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You’re thinking about studying in Germany? Great, because in this article we’ll go over the whole admissions process for German universities and colleges.
In this post I’ll be writing from the experience of Bjorn Rambi, an international student from Albania who’s now studying at LMU Munich.
This article is focused on bachelor’s (undergraduate) studies, and will approach admissions from an academics-focused student’s perspective.
It’s relatively simple to apply to German colleges. Some colleges use the Uni-Assist system, which is in English, to handle international admissions. If the college you’re applying to doesn’t use Uni-Assist, you’ll probably need to know German. As German colleges don’t follow a common application system, you should treat this guide as an introduction to the subject, and follow up by doing your own research and contacting the colleges you’re interested in.
There are more than a hundred English undergraduate programs in Germany, but it’s almost impossible to study as an undergrad in Germany without some knowledge of German (and a diploma to prove it), even if you’re applying to an English program.
I’ll use the word college to refer to academic institutions that provide bachelor’s programs, including “Universität”, “Hochschule”, and “Fachhochschule”.
The most common test is TestAS (Test for Academic Studies), composed of the Core Test and one Subject-Specific Test Module. The Core Test is basically an IQ test, including basic math problems, inferring relationships, completing patterns, and continuing numerical series. This part takes 110 minutes.
There are four different Subject-Specific Test Modules:
- Humanities, Cultural Studies and Social Sciences
- Mathematics, Computer Science and Natural Sciences
These last between 145 and 150 minutes.
The TestAS takes place on specific test dates, and in specific testing centers. You can take it in English or in German. You can register for only one Subject-Specific Test Module, and you take it 30 minutes after the Core Test. They’re all pen and paper tests.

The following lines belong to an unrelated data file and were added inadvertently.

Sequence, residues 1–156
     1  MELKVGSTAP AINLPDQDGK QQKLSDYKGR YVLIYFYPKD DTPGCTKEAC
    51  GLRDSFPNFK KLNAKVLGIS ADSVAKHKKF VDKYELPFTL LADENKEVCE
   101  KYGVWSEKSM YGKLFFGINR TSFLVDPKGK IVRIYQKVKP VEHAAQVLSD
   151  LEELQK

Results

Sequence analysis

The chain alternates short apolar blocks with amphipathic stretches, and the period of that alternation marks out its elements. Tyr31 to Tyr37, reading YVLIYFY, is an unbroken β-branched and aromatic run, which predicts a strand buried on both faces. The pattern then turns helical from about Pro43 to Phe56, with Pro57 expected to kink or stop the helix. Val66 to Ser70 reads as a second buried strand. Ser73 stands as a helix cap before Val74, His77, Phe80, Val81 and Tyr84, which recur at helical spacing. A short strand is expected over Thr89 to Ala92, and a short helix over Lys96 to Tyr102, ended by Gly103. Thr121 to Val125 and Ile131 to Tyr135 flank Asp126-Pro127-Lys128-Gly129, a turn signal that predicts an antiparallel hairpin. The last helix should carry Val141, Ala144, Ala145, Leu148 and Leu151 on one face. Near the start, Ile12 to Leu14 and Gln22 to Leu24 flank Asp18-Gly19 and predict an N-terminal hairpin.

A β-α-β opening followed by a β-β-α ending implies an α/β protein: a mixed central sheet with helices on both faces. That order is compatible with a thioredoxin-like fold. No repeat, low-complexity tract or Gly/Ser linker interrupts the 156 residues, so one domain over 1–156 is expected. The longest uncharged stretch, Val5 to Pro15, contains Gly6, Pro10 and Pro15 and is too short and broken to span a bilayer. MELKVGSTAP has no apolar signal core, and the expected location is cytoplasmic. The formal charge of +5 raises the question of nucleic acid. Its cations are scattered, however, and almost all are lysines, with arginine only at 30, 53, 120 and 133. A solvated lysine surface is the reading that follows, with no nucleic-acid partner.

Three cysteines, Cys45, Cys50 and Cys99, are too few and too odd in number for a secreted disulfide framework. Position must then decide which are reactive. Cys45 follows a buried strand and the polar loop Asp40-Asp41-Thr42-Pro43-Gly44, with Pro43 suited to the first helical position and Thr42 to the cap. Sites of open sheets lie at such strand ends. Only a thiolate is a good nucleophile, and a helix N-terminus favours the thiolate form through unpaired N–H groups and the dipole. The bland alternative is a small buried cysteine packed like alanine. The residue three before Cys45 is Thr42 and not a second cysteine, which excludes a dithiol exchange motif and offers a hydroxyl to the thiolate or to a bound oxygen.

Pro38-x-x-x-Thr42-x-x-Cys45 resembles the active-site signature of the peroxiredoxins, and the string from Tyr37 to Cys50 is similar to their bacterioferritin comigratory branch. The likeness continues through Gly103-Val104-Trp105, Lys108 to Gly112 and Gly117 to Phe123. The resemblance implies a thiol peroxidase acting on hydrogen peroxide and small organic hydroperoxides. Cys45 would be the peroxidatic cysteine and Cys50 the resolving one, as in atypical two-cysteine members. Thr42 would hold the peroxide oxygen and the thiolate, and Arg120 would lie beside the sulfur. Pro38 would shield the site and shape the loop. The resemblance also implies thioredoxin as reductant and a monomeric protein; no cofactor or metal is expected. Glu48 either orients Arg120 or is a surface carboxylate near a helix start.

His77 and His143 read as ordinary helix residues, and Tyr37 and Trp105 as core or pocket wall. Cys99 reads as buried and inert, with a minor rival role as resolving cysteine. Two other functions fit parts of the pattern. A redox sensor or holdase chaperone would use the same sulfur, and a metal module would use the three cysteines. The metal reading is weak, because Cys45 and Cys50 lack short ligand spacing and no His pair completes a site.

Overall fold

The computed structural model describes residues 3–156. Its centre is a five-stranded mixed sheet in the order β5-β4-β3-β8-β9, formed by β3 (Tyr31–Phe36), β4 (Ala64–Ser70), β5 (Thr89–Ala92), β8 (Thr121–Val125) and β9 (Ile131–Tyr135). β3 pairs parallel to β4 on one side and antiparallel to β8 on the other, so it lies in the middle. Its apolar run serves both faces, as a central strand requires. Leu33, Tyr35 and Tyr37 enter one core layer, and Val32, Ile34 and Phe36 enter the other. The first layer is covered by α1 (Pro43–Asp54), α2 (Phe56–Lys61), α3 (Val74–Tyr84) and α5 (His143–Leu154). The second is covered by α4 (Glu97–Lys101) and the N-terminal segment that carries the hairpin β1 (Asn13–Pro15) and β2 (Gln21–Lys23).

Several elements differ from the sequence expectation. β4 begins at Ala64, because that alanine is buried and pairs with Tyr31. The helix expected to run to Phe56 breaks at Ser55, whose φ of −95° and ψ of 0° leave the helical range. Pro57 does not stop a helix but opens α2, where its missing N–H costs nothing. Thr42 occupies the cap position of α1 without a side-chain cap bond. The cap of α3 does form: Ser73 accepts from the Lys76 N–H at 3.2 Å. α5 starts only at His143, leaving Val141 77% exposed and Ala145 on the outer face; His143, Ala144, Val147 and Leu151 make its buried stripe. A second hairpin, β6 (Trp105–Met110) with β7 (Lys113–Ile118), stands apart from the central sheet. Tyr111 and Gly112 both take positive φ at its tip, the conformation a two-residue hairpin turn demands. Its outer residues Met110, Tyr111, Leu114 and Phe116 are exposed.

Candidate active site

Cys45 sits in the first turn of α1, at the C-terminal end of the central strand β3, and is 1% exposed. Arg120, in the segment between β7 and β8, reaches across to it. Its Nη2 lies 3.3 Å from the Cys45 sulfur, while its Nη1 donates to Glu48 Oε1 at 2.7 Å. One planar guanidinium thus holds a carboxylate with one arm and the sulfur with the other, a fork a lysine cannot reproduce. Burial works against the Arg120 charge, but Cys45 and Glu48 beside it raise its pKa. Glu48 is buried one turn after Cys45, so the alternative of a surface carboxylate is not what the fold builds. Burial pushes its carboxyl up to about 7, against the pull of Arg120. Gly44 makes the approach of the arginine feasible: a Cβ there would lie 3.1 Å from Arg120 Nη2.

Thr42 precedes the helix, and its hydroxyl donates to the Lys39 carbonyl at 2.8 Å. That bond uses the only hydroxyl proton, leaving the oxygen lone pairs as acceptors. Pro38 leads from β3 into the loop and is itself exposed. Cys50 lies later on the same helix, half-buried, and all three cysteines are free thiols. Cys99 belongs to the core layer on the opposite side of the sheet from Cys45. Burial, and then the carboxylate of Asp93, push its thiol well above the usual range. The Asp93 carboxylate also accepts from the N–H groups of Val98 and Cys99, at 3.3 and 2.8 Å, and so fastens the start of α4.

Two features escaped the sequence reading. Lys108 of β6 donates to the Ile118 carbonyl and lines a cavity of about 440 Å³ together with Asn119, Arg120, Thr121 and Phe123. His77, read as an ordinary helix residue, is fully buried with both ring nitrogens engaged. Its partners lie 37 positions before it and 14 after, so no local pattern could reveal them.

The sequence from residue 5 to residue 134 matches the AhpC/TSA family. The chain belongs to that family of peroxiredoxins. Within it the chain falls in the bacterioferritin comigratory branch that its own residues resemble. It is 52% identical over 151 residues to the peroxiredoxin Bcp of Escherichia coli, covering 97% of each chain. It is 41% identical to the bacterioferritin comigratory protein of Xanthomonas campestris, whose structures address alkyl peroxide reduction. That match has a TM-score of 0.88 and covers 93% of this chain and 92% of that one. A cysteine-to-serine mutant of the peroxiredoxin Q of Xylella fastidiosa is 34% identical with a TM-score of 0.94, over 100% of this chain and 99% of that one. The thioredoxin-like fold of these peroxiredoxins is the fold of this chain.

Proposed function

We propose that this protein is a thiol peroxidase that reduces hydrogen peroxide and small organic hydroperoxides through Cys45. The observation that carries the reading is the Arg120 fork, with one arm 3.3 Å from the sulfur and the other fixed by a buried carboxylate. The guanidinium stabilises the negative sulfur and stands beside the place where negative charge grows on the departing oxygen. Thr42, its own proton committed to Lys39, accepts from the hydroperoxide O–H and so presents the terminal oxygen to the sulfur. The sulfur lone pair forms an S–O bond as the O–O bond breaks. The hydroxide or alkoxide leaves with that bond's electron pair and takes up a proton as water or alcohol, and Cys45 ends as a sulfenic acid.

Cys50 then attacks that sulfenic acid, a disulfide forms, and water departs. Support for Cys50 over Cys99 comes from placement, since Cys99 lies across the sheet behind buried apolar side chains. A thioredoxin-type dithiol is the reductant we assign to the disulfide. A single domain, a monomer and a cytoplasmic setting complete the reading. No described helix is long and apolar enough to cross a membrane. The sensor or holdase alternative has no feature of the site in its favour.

The TestAS is rarely required but can be a positive addition to your application (if you get a good score, that is).
The scoring system includes both your actual score and your percentile rank, which means that you’ll know how you did compared to other test takers. For instance, a percentile rank of 94 means your score is better than or equal to the score of 94% of test takers.
For the German language, the most popular tests are TestDaf, Deutsche Sprachprüfung für den Hochschulzugang (DSH), and Goethe Zertifikat.
Applications generally happen near the end of the second semester of your senior year of high school. However, some are even as late as the summer after your senior year, but the deadlines depend on the college.
Colleges typically require the following documents:
- your CV
- a copy of every document cited in the CV
- motivation letter
- filled Application form
- language diploma
- high school diploma
- passport copy
For some universities you send these via post, and for others via online platforms (like Uni-Assist).
There aren’t many scholarship options for undergraduate students that are awarded by specific colleges. Every scholarship has its own application process, and you can find some of them on ScholarshipsAds, DAAD, and The Deutschlandstipendium.
Applying to German colleges doesn’t have to be expensive, but it requires you to have a high level of financial stability. To get a visa (which is required), you’ll need to have around 10000€ in the bank and provide proof of that. This money isn’t to pay for education, rather it’s for everyday expenses. It’s still your money, you just need to have it in a bank before the start of the academic year, so the government knows you won’t be living under a bridge.
Uni-Assist charges 75€ for the first application, and 30€ for each additional one.
There’s also bureaucratic costs, like postal costs, notarization and similar costs.
A very rough estimate of the total cost of applying is 100€ per college.
The TestAS costs around 80€, but the price can vary depending on where you’re taking it.
The cost of actually studying in Germany varies depending on many things, including your program, accommodation, and location. Living costs can range from 500€ to 1000€, and yearly college costs can range anywhere between 0€ and tens of thousands of Euro. Here’s a website with more information on living costs.
Here are some resources to go from here:
- Association of Croatian Students Abroad, who are helping us with this series of guides. They have a website and a YouTube channel. (sorry, Croatian only!)
- Study in Germany
Huge thanks to Bjorn for helping me put together this guide.
Did I forget something? Do you have different experiences? Do you have any questions? Feel free to leave a comment.